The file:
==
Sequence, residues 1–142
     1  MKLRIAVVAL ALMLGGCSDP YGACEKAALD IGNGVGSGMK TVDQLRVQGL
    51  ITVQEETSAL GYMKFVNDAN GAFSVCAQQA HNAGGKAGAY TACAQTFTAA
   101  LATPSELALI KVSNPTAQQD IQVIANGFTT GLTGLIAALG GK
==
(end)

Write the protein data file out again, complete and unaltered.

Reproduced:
Sequence, residues 1–142
     1  MKLRIAVVAL ALMLGGCSDP YGACEKAALD IGNGVGSGMK TVDQLRVQGL
    51  ITVQEETSAL GYMKFVNDAN GAFSVCAQQA HNAGGKAGAY TACAQTFTAA
   101  LATPSELALI KVSNPTAQQD IQVIANGFTT GLTGLIAALG GK